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Myths about Teachers: We Need More Police in Our Schools

Bill Ayers, Crystal Laura, Rick Ayers Praxis Center
In “You Can’t Fire the Bad Ones“: And 18 Other Myths about Teachers, educators Bill Ayers, Crystal Laura and Rick Ayers flip the script on many enduring and popular myths about teachers, teachers’ unions, and education that permeate our culture. By unpacking these myths, the authors aim to challenge readers to rethink their assumptions about teachers. Praxis Center shares an excerpt from Myth 16: Teachers Are Unable to Deal Adequately with the Disciplinary Challenges Posed By Today’s Youth, and We Need More Police in Our Public School Buildings to Do the Job and Maintain Law and Order.

California Police Worked With Neo-Nazis

Sam Levin The Guardian
Officers expressed sympathy with white supremacists and sought their help to target counter-protesters after a violent 2016 rally, according to court documents

books

Police are the Problem, Not the Solution

Michael Hirsch The Indypendent
The author argues convincingly and in graphic detail that the problem with police in civil society is not just the lack of adequate training, police diversity, increased militarization or even police methods such as the routine brutalization of many people of color, but the dramatic and unprecedented expansion in the last four decades of the too-accepted social role of police. The problem, the sociologist-author insists, is policing itself.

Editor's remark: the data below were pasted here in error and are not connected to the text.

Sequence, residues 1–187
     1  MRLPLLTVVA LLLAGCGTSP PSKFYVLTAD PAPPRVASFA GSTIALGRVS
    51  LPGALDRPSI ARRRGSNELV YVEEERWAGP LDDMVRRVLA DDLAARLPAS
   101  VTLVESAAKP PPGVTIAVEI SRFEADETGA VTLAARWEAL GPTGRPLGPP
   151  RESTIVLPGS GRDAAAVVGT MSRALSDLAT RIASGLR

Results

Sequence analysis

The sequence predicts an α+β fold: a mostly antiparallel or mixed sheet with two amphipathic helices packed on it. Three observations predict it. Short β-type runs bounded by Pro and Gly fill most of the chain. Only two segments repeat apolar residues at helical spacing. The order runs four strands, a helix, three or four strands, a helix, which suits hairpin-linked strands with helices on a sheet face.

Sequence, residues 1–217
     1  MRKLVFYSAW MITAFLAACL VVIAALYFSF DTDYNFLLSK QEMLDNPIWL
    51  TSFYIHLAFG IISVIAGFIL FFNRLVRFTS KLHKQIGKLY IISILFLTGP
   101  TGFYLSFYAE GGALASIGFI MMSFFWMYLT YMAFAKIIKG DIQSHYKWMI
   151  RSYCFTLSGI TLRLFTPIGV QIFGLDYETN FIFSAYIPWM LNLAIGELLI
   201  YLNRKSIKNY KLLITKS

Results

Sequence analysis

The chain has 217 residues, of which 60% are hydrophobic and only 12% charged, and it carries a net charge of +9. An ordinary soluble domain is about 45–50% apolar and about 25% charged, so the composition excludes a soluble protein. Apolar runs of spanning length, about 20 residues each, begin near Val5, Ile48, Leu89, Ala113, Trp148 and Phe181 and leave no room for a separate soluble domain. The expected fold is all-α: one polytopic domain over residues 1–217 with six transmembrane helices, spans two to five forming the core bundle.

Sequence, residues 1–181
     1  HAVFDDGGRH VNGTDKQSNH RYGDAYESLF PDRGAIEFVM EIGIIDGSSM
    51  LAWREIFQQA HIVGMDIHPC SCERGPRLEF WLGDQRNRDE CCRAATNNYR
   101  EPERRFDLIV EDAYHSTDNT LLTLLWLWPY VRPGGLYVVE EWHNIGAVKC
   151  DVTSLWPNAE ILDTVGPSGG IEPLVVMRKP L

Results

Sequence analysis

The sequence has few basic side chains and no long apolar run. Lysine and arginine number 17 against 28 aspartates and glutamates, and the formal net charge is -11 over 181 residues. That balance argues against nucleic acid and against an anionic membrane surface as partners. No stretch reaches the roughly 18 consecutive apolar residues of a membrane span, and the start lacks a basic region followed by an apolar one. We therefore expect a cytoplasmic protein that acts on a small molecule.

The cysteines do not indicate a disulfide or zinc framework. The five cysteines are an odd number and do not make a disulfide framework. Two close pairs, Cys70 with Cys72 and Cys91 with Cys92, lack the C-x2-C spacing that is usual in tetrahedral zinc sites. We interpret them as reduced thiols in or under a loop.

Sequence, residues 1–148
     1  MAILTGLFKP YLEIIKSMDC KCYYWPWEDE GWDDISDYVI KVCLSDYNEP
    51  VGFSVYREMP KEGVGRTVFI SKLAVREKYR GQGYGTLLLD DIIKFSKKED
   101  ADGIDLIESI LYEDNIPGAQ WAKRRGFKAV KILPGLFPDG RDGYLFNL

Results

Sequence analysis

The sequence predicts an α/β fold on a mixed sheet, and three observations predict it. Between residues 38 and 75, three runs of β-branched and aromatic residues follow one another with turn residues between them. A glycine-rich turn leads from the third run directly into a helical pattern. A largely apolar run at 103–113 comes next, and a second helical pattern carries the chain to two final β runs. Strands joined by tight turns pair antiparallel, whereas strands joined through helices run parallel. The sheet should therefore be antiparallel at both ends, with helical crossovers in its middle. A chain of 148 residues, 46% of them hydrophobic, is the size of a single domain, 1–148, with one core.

Kap, Cops and Confederate Statues: A Better World Without Double Standards

Frank Serpico CounterPunch
Frank Serpico, who testified against NYPD police corruption in 1972, joined more than 100 African American uniformed officers who demonstrated at a rally supporting NFL player Colin Kaepernick's objections to police abuse and inequality. "Kaepernick was not disrespecting the flag or our vets. I believe that Kaepernick was protesting a corrupt system of justice that allows some police to use excessive force, even the taking of innocent life, without consequences"

Police Unions, Police Officers, and Police Abolition

Rosa Squillacote Portside
Abolition of the carceral state is a fundamental political goal for the Left today: specifically, abolishing the carceral state’s logic and institutions. . Abolition is both a goal and a discourse: it informs the strategies we adopt, as well as the framework we use to critique the carceral state and describe alternatives.

tv

Marque Richardson on His Big Episode of Dear White People and How Art Can Be Activism

Jackson McHenry Vulture
In the wrenching fifth episode of the series, Reggie gets into a fight with a white character who uses the N-word at a party, then winds up held at gunpoint by the campus police. As Richardson explained, the episode, which was directed by Moonlight’s Barry Jenkins, rejiggered the structure of the show and forced the writers to figure out a new way forward.

Its' Not Just Racism, but also Militarization at the Heart of Police Brutality

Jeremy Kuzmarov Huffington Post
The militarization of American police forces goes back a long way. During the Cold War, American police advisers tasked with training their proteges in clandestine surveillance and to assist in counterinsurgency operations in countries like Vietnam came back to advance methods domestically that devalued civil liberties, contributing to the trend towards militarization.
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